On my recent trip to Varanasi my colleague Catriona and I were fortunate enough to have front row seats at this display and to take part in the ceremony! We walked down to the water’s edge beside the local priests and presented offerings to the Ganges whilst surrounded by the hypnotic hum of Hindu prayers. After filling the water with marigold garlands, holy leaves, and rice we then returned to the ghats to watch the priests set fire to their ceremonial lamps and brandish them against the night sky. The whole ceremony lasted for about an hour, and leaves you feeling quite mesmerised.
3. Confluence of Cultures Tour, Calcutta
As the former capital of the British Raj, Calcutta in its heyday attracted people from diverse backgrounds and ethnicities in search of opportunity. Many of these immigrant communities are still present in modern day Calcutta, and a walk around the old part of the city offers an eye-opening and extremely memorable insight into the diversity of this famed ‘cultural capital’.
We were extremely lucky to have the fantastic local guide, Iftikhar Ahsan, of ‘Calcutta Walks’ with us as we travelled. Iftikhar is a fervent advocate for maintaining the heritage of Calcutta and has even undertaken an impressive personal restoration of a beautiful townhouse to turn it into a characterful boutique hotel (‘Calcutta Bungalow’), and it felt very special to be shown the city by someone so passionate about its heritage. As we wandered through the streets, we soon stumbled into China Town – the largest of its kind in India – and passed Buddhist schools, shops selling fresh noodles, Buddhist temples and even a Chinese community center filled with old men playing mahjong. It felt quite surreal to be surrounded by such a significant Chinese population in India, albeit a dwindling one, and, in fact, were soon to discover that this was just the first of many curious surprises we encountered in this fascinating city. As we continued winding through the narrow streets, we passed a kaleidoscope of cultures living side by side; from British-Indians living in upmarket townhouses next to where Zoroastrian Parsis worship in their fire temple, to Christians attending mass at a church whose pastor spoke 10 different languages. All in the space of thirty minutes! For an unusual tour of the city that digs a little deeper than monument hopping, it is an absolute must.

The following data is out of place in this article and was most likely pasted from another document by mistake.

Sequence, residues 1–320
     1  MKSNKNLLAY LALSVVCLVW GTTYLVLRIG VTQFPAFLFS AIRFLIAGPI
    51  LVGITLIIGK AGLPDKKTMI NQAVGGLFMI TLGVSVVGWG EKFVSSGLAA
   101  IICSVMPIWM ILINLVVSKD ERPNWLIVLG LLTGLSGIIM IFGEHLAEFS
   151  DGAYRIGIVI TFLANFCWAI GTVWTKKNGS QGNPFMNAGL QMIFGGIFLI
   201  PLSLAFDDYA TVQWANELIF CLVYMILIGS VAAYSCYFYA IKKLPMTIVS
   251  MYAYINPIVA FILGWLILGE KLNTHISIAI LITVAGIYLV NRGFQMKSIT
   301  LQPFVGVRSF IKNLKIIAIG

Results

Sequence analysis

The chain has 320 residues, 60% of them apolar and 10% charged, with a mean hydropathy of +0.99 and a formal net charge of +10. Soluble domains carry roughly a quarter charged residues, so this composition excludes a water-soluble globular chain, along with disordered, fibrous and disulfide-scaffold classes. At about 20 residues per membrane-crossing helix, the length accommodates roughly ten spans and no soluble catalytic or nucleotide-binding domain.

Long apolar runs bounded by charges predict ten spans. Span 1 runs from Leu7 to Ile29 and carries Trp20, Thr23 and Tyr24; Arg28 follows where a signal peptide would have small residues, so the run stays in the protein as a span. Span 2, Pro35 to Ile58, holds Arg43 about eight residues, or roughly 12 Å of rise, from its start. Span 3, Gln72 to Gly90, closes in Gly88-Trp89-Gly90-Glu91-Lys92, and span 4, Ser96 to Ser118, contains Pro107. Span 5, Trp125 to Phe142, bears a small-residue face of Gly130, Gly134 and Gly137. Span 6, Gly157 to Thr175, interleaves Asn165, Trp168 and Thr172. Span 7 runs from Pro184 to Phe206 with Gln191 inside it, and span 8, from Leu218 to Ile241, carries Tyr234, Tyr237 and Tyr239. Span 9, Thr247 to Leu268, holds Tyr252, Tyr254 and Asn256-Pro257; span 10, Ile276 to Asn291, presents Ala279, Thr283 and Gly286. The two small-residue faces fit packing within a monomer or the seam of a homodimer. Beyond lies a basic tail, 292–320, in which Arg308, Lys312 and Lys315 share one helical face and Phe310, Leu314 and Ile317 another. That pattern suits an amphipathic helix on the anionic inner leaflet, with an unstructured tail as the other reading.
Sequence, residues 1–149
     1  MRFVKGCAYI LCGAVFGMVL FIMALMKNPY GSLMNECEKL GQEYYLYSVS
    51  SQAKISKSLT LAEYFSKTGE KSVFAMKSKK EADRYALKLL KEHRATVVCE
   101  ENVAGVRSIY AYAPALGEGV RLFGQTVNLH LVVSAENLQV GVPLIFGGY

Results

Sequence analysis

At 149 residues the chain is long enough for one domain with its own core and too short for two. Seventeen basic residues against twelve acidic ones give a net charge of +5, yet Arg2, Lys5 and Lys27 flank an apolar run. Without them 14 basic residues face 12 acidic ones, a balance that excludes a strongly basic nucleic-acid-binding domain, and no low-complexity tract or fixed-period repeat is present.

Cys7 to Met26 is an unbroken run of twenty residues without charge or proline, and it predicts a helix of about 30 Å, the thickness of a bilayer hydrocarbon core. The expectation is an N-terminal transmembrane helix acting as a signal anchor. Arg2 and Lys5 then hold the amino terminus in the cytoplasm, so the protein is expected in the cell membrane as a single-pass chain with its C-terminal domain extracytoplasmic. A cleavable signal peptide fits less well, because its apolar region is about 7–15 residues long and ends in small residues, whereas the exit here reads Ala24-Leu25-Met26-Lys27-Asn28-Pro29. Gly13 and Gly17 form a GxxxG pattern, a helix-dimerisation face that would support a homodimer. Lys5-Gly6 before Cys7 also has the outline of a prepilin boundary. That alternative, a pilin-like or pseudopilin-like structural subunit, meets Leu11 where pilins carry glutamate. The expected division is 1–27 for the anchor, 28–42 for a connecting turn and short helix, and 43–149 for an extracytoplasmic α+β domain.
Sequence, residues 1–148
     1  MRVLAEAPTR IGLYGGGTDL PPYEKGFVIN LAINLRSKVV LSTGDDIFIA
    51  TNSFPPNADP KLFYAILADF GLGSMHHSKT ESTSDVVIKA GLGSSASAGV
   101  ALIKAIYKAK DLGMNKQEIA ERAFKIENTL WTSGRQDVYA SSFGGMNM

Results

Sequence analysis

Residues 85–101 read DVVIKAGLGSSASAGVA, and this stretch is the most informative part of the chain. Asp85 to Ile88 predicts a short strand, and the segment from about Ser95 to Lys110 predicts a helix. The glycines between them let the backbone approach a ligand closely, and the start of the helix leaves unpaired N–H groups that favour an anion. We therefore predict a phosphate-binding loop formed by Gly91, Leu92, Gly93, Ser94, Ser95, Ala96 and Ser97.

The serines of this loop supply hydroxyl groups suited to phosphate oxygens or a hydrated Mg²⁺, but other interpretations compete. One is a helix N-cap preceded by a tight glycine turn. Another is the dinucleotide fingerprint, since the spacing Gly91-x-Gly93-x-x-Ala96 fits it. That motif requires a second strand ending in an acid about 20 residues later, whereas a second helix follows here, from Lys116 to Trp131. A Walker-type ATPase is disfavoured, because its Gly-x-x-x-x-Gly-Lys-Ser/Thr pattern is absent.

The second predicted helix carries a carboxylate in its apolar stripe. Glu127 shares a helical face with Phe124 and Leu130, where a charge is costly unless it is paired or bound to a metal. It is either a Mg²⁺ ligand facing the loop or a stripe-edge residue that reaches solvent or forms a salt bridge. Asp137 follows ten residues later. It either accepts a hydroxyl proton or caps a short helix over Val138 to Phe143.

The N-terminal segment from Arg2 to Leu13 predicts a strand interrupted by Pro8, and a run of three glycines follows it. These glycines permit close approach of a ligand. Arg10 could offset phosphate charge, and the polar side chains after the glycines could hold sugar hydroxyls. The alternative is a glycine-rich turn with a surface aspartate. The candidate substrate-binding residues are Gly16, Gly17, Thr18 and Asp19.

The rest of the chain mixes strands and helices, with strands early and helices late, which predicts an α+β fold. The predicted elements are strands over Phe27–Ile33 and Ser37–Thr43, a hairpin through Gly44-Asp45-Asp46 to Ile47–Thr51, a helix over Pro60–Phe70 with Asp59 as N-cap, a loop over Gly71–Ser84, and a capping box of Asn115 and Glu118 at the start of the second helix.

And if you end up near Newmarket be sure to try the fruit cake from the renowned Jewish bakery Nahoum’s!
4. Tour of Old Delhi, Delhi
While New Delhi is modern, cosmopolitan and surprisingly European in feel, Old Delhi retains the chaos and frenetic atmosphere of yore. For this reason, it is an unmissable stop on any tour of India’s capital.